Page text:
Apathy is characterized by a lack of emotional responsiveness [12]. On the other hand, depression symptoms include loss
of energy/interest, change in appetite, impaired concentration, insomnia, sadness, anhedonia, suicidal ideation, self-blame,
weight change, sexual disinterest, and hypersomnia [13]. Apathy and depression in individuals with dementia are
associated with other behavioural symptoms [14]. For instance, apathy is associated with disinhibition and abnormal motor
behaviour, whereas depression is associated with anxiety, agitation, irritability, and hallucinations [14].
Typically, agitation is referred to as inappropriate verbal, vocal, or motor activity that cannot be otherwise explained [15].
Agitation may include rejection of care, noncompliance, uncooperative behaviour, resistance to care, and aggression [16].
Aggression can be explained as deliberate, overt, and harmful acts toward another person, object, organism or one’s self
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[17]. Possible causes of agitation/aggression in individuals with dementia include pain, medical illness, loneliness,
boredom, medication side effects, environmental changes, and fatigue [18].
Sleep disorder in individuals with dementia includes diculty falling asleep or staying asleep, sleep fragmentation,
wandering, and excessive daytime sleepiness [19]. The causes of sleep disorder in individuals with dementia may include
disturbances of their circadian rhythm, pain or discomfort, medications, anxiety, and depression [20]. Disturbances in
circadian rhythm refer to early sleep onset and offset, late sleep initiation and rise time, and irregular sleep–wake rhythm
[21]. The neurodegenerative changes in dementia (deposition of amyloid and tau) can impair melatonin production and
release from brain that consequently may affect the circadian rhythm [22]. A ve-year retrospective survey on
institutionalized individuals with dementia (n=2447) reported sleep disorder as a common complaint (> 50% of cases) in
later stages of the condition irrespective of types of dementia [23]. Inadequate or poor-quality night-time sleep can impact a
person’s daytime functioning and quality of life [24].
According to the
Diagnostic and Statistical Manual of Mental Disorders
(5th ed.) and the World Health Organization, the
central concept of psychosis is impaired reality [25. 26]. Hallucinations (without insight into their pathologic nature),
delusions, or both are present in psychosis [25, 26]. Psychotic symptoms are less common than depression, agitation, and
sleep disorders in individuals with dementia [27]. However, psychosis can be a source of distress for both individuals with
dementia and their caregivers [27].
Managing BPSD is often challenging as the causal relationship of the symptoms and pathophysiology is complex [28]. For
example, an individual with dementia may exhibit BPSD due to pain necessitating pain management instead of
psychotherapy [29]. However, available pharmacotherapies for BPSD has limited effectiveness in terms of possible serious
side-effects resulting from multi-morbidity or polypharmacy or age-related altered metabolism [30]. Consequently, BPSD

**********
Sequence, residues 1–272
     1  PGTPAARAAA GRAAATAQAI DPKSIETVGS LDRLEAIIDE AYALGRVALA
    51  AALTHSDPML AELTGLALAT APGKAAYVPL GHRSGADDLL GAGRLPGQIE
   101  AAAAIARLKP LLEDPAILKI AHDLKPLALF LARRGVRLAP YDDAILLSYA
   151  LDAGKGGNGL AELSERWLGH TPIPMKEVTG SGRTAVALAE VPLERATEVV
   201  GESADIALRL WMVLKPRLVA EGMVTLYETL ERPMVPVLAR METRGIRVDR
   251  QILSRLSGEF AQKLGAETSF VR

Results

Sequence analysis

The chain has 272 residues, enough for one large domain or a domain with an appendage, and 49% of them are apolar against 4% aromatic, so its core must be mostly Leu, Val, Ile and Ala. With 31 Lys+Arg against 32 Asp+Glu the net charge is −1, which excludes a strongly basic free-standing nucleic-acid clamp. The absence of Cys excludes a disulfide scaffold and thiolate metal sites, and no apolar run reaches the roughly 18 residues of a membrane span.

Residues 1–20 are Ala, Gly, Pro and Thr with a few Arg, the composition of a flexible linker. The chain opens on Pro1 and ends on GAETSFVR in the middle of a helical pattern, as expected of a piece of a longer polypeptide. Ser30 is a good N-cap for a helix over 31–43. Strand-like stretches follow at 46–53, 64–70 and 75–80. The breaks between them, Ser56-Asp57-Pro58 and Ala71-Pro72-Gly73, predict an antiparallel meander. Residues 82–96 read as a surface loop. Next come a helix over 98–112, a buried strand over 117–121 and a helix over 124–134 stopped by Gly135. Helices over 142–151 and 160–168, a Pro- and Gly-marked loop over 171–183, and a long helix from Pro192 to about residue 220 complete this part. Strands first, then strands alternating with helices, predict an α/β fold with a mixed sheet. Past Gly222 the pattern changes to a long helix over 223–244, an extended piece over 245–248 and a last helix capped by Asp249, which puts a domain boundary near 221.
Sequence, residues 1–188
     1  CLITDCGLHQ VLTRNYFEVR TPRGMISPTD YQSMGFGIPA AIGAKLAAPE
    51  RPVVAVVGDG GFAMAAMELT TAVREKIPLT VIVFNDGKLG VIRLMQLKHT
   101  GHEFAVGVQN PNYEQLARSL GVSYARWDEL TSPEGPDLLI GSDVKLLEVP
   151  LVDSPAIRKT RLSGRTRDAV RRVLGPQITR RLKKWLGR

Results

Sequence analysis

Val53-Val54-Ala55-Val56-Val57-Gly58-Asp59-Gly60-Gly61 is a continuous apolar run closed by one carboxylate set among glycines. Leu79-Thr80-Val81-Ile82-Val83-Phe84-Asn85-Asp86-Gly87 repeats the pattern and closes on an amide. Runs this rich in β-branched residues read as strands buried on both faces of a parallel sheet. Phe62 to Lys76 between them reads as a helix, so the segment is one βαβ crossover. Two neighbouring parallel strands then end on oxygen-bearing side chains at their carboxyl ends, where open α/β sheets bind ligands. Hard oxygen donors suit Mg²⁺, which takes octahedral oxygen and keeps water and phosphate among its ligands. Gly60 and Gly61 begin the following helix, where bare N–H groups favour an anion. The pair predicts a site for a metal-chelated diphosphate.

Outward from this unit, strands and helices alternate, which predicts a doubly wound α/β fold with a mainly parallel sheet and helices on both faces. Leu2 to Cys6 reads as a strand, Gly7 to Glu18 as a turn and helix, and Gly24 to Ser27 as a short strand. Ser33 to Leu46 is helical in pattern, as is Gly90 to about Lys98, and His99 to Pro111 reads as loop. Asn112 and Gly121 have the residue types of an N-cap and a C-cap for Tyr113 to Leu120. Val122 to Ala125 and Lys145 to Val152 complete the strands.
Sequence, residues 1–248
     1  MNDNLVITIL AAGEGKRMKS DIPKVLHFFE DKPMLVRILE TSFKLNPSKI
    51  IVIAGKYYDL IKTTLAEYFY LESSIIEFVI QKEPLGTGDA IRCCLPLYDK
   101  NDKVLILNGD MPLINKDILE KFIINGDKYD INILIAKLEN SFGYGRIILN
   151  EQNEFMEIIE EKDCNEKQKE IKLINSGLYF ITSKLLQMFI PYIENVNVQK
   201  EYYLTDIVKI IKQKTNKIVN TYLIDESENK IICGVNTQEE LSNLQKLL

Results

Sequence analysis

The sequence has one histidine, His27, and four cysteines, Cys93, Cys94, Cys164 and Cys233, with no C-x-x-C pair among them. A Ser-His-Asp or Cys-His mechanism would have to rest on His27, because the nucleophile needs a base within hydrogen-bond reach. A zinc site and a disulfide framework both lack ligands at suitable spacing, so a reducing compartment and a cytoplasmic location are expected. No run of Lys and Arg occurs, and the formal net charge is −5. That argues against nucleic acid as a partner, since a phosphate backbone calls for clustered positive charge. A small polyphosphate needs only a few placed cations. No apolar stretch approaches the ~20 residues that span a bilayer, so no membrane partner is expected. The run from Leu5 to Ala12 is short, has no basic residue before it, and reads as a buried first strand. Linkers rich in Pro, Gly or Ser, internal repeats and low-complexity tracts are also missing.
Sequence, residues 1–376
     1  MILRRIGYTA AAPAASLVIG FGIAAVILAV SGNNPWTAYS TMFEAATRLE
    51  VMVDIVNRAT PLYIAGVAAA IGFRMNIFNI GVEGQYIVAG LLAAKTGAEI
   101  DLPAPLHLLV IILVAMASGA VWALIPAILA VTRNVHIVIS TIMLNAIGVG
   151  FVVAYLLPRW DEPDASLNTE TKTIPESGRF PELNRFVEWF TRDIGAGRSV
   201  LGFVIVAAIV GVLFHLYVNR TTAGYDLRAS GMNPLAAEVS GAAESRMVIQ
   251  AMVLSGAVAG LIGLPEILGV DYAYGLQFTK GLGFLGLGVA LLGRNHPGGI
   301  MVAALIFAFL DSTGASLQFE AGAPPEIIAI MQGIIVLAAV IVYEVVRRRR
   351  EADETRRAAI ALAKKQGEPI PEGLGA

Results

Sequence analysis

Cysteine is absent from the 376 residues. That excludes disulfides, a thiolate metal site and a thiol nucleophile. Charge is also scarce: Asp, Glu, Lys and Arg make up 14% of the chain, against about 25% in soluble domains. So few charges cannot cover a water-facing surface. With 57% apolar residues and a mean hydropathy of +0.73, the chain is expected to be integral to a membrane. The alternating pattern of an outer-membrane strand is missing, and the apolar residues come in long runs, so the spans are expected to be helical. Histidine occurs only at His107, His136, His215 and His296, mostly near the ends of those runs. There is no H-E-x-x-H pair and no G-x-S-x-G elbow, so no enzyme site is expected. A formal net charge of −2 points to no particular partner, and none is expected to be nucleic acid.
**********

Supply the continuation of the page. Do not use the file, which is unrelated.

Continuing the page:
management is increasingly focusing on maintaining an optimal quality of life with non- pharmacotherapies [31]. The
Registered Nurses’ Association of Ontario best practice guideline on dementia management recommends non-
pharmacologic interventions to manage BPSD for individuals with dementia, irrespective of drug treatments received [32].
Various activities (e.g. listening to music, singing, dancing, reading, painting, drawing, cooking, knitting, talking, listening to
others, playing with a pet, playing video games, and virtual reality [VR] experience) engaging individuals with mental
stimulation, reminiscence, and orientation had been used as non-pharmacologic interventions in clinical setting [33-35].
VR experience is considered a computer-generated non-pharmacologic intervention focusing on sensory stimulation using a
virtual environment [35, 36]. An individual using VR can look around or move around in an articial environment [36]. This
technology requires the user to either use a headset or a projector (e.g. BroomX©) to generate realistic images, sounds and
other sensations that simulate an user's physical presence in a virtual or imaginary environment [36]. The technology does
not need a specialist/technical person to setup the machine, to use the VR program [35] and is cost effective for people with
psychotic disorders [37]. A randomized control study in hospitalized patients (n=116) with psychotic disorders found that
six months’ VR experience improved participants’ Quality-Adjusted Life Years (QALY) (effect size [ES]=0.01, 95% CI 0.03-
0.07) [37]. The average cost of gained QALY was Euro 42,030 [37].
BroomX© provides an immersive experience with images and sound through a projection device having automatic control
to conform the visuals to a 3600 experience no matter the size of the room, or what furniture is in the room [38]. Unlike other
types of VR technology, users of BroomX© can control the distance of images (bringing the image closer for better look) to
get an interactive experience and can incorporate customized music with customized images [38].
Individuals with dementia enjoy virtual experiences [35, 39] but its effect can be negligible on emotion (ES=0.1, 95% CI -0.07